Read full article —>


No. 4 — “The Sorry State of Gov. Brewer”


In a story that captured worldwide media attention for weeks and is still embedded in the national psyche, Arizona Gov. Jan Brewer met President Barack Obama as he exited Air Force One and wagged her finger at him.

It was not just a black eye for the state of Arizona, but for the entire nation: the moment an embarrassing governor with the IQ of the scorpions she allegedly eats for breakfast showed just how idiotic and dogmatic she is.

“Gov. Jan ‘Brew-ha-ha’ Brewer, Arizona’s illustrious governor, embarrassed everyone who lives, has lived, ever lived, or knew anybody who might have any connection to the Grand Canyon state,” wrote Modern Times Editor John Guzzon.
Read full article —>


No. 3 — “FAA Drone Rules: A Privacy Enigma”


In February, the Federal Aviation Administration was ordered by Congress via the FAA Reauthorization Act to integrate drone aircraft into the nation’s airspace — the first step in a reworking of aviation rules that would redefine the industry.

“The resulting future could be a place where small, lightweight craft are used for things such as inspecting roofs and chasing down bank robbers, but also a place where craft remain aloft for days, weeks or months, capturing nearly everything that goes on below. The groundwork has been done: military applications have proven the effectiveness of most of these remote controlled and autonomous aircraft, and when the FAA finally gets around to determining the rules which will guide their development, the commercialization of them will begin,” according to the article.
Read full article —>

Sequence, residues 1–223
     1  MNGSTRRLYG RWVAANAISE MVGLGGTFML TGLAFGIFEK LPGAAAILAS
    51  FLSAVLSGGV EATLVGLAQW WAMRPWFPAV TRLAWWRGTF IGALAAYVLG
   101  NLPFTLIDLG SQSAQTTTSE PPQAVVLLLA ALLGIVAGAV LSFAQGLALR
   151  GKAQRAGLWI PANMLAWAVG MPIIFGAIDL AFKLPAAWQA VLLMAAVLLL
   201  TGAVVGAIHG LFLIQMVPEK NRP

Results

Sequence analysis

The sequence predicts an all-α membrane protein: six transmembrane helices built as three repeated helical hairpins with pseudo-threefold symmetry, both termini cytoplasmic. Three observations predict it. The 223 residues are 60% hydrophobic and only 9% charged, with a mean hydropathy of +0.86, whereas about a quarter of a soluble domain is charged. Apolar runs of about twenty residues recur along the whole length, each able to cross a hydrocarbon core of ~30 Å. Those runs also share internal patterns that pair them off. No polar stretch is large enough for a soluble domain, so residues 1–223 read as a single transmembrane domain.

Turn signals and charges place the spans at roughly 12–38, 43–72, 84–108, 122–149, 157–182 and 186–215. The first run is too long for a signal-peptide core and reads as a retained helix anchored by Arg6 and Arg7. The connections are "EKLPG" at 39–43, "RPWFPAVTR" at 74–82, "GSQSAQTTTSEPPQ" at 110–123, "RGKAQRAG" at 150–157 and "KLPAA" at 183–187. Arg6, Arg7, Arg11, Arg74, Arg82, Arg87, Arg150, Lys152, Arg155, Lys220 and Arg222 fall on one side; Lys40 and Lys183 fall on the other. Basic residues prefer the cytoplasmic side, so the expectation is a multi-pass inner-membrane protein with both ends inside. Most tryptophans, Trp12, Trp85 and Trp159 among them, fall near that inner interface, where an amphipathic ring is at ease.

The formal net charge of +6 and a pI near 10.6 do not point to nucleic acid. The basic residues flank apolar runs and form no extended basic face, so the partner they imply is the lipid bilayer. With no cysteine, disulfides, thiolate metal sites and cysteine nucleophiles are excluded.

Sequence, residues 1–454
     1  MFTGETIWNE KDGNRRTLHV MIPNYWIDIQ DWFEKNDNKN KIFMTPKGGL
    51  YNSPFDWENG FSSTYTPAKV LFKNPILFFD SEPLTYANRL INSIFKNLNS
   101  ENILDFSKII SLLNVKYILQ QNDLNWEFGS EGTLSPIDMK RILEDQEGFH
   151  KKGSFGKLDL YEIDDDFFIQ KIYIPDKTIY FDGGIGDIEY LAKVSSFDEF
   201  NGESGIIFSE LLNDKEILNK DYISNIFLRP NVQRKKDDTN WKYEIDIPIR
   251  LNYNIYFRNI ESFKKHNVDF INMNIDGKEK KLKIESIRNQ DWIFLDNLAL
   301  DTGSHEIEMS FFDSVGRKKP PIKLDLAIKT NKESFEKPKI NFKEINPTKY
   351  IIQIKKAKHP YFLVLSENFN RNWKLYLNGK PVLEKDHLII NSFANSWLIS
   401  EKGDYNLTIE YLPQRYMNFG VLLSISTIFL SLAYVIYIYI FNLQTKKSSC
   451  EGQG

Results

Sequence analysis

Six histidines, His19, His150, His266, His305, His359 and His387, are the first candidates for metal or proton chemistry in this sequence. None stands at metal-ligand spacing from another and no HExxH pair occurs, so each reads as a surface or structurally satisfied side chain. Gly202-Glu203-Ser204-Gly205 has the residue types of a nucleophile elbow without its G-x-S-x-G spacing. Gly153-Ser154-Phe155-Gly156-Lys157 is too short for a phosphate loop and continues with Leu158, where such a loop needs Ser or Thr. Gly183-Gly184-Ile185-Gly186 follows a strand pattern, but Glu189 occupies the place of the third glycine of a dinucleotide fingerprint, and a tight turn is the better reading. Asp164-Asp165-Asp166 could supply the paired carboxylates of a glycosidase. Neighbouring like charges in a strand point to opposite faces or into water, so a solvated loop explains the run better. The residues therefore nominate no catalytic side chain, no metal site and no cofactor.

No. 2 — “Gary Johnson Brings Libertarianism To Nation”

Even though Mitt Romney and President Barack Obama got all the headlines, there were some other candidates for the highest office in the land, most notably Gary Johnson. The former New Mexico governor was never able to crack the mainstream media, so it is only rational that the articles we did on him were popular.

Besides, Johnson gave pretty lively speeches.

“How many of you have heard that a vote for Gary Johnson is a wasted vote?” Johnson queried a crowd in September. “Wasting your vote is voting for someone you don’t believe in. We change things in this country for voting for who you believe in. I want to ask you all to ‘waste’ your vote on me. You know what happens? I am the next president of the United States.”

Although it did not happen, Johnson can’t be accused of mailing it in.
Read full article —>


No. 1 — “One Man’s HIV/AIDS Story”

The most read Nation/World story of the year was a poignant, insightful peek inside the life of a man who has been living with HIV/AIDS for decades. No, it is not a tragic tale of someone who hit rock bottom, but the genuine, average, yet triumphal saga of what it is really like: buying high cost drugs to keep one alive and overcoming emotional hurdles.

Freelancer Vickie Goen brought us closer to Sean Reaney, who was diagnosed in the 1980s, and lost more than 40 friends to AIDS. He agreed to be interviewed and to publicize his illness in order to help people understand that HIV can be overcome — and that safe sex is imperative.

Job well done, Mr. Reaney.
Read full article —>